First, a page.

Focus: The Everton duo who can heap more misery on Chelsea

Romelu Lukaku and Ross Barkley are dovetailing nicely this season, writes Alex Keble – and the pair might just exploit Chelsea's weaknesses like others before them... 

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Chelsea cannot afford another bad result. After a tumultuous three weeks of petulant outbursts and chaotic performances, an ominously familiar pattern of third-season syndrome is emerging for Jose Mourinho. The disintegrating partnership of Nemanja Matic and Cesc Fabregas is their primary concern and, up against the direct and powerful duo of Ross Barkley and Romelu Lukaku this week, it is here that Everton will strike.

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Roberto Martinez is an excellent adaptive tactician, meticulously studying his opponent in the hope of exploiting their weaknesses; the image of Fabregas roaming listlessly forward while his overworked partner, Matic, scrambles across the breadth of the pitch in exasperation will be familiar to Everton’s manager. Indeed, Martinez’s key tactical tweaks this season could already have them set up for another damaging defeat for Chelsea.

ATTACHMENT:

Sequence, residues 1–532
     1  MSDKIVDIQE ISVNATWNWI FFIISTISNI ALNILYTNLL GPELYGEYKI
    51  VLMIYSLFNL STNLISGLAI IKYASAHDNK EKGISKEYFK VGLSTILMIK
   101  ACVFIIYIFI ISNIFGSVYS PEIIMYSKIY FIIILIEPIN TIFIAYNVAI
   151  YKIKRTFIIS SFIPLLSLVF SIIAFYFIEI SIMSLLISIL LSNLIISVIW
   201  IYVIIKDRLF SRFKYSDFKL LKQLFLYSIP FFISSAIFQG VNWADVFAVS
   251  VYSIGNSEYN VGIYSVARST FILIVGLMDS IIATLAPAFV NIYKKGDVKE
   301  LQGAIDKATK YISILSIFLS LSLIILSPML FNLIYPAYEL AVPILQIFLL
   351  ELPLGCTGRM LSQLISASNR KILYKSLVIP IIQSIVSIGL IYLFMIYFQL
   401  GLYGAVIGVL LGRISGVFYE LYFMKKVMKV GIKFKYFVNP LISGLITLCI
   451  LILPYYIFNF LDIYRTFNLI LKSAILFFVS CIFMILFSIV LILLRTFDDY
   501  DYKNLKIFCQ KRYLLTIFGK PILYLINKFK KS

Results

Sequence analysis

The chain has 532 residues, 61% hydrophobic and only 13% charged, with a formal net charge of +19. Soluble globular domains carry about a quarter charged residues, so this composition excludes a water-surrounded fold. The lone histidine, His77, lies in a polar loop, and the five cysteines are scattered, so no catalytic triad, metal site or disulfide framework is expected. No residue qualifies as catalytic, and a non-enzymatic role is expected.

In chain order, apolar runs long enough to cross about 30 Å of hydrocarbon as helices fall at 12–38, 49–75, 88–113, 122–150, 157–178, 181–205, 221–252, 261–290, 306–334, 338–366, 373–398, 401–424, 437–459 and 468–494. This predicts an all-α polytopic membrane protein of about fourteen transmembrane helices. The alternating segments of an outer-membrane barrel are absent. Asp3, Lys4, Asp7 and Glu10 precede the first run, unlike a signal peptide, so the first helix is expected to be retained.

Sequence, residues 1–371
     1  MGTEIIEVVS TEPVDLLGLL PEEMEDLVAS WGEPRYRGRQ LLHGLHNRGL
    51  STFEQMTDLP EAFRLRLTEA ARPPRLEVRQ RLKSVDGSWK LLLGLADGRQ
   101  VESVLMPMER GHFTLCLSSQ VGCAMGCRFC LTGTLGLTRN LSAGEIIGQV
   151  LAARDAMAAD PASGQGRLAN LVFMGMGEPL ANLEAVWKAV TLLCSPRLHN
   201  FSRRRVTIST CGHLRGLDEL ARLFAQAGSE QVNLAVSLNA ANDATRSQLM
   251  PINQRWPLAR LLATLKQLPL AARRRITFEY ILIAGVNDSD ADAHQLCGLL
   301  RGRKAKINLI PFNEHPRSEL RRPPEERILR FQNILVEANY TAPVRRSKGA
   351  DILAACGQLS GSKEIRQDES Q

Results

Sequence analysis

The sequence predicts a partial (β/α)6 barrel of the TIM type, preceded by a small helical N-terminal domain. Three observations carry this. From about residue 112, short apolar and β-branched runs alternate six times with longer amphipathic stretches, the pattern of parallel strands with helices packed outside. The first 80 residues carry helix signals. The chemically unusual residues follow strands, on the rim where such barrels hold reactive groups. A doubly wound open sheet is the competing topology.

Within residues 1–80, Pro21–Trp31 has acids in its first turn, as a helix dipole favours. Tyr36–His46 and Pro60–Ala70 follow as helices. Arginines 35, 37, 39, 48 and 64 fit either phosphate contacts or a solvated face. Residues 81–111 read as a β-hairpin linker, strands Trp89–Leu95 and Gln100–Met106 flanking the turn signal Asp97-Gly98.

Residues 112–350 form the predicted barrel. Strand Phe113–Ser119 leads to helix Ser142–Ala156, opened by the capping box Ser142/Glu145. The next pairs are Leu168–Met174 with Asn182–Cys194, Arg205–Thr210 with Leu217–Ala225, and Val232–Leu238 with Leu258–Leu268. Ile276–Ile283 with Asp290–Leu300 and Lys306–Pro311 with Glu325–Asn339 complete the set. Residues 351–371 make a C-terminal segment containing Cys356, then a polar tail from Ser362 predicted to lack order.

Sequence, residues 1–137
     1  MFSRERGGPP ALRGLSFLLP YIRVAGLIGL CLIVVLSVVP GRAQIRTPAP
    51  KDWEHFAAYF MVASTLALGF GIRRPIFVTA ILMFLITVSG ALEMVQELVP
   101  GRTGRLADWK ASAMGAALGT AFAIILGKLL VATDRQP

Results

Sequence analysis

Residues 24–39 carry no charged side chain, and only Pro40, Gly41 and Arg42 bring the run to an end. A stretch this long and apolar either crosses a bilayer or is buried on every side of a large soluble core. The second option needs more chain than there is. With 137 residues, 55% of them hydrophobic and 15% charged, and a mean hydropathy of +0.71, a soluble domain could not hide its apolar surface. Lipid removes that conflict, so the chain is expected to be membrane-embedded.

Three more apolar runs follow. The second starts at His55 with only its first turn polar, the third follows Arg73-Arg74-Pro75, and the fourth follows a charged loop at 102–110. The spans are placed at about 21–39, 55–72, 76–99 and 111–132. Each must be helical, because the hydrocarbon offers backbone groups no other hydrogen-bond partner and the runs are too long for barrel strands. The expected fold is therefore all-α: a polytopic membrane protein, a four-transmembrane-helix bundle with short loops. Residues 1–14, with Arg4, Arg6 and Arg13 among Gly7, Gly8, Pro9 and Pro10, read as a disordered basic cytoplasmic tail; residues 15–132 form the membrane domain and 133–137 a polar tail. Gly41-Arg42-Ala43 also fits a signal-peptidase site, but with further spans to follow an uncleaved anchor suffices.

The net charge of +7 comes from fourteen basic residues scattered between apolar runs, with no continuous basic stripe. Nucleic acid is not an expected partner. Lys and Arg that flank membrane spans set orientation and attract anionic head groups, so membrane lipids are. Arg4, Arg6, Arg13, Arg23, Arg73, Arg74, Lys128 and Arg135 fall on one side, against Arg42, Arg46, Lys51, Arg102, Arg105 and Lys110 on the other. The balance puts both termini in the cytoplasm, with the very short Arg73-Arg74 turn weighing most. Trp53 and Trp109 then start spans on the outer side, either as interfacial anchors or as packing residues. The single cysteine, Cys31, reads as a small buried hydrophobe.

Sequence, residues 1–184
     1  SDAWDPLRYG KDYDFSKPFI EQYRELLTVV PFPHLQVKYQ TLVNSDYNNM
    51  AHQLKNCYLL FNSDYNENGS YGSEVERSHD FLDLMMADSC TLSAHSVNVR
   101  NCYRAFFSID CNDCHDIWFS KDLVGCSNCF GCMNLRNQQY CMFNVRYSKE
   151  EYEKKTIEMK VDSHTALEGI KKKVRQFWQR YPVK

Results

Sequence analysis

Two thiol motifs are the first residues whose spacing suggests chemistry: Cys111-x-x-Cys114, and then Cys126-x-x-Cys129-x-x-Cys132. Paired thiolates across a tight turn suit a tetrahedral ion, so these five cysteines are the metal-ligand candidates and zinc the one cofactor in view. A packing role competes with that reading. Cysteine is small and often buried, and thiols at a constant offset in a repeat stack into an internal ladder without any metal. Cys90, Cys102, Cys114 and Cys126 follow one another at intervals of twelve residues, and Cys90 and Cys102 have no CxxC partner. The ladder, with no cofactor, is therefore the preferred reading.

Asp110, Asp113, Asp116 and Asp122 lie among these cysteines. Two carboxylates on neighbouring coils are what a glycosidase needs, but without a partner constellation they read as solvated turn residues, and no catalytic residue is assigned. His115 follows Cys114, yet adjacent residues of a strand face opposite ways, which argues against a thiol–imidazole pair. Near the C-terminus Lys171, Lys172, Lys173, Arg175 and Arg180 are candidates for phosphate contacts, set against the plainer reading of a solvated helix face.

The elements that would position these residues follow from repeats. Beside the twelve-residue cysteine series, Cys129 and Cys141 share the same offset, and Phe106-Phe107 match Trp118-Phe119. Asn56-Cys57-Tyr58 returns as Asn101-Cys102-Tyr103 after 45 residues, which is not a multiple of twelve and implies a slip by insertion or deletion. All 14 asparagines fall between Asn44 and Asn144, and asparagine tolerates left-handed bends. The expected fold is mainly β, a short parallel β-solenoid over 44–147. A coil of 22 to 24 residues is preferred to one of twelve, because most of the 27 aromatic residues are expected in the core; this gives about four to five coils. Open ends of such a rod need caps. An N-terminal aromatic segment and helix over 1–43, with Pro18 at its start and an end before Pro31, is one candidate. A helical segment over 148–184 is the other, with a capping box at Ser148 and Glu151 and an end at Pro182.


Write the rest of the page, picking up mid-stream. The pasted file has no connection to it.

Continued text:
This season Everton have played with greater directness, adapting their patient, short-passing approach to include long balls forward towards Lukaku. Perhaps surprisingly, Everton complete more long passes than any other Premier League team (43 per game) with the majority of these aimed towards the Belgian giant.

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The second key feature of Everton’s season has been the powerful dribbling of a reinvigorated Barkley, who – collecting knockdowns from Lukaku – drives through the heart of midfield; he has averaged 3 dribbles per match this season, up from 2.1 in 2014/15.

As such, the central zone of Everton’s attacking third is where Chelsea must show greatest defensive solidity, and where Chelsea are currently weakest. Fabregas’s positional indiscipline and Matic’s poor form are now well documented, but the consistency with which their mistakes lead to goalscoring chances is truly alarming. 

All four of their league opponents to date have flourished in the enormous pockets of space that open up around the edge of the 'D', and have taken full advantage of the ease with which simple passes can be played through the centre of the pitch.

Barkley and Lukaku should find huge amounts of space within which to build towards goal, and – now that Mourinho’s scowls no longer strike fear in the opposition – will be confident of darkening the mood further in west London.

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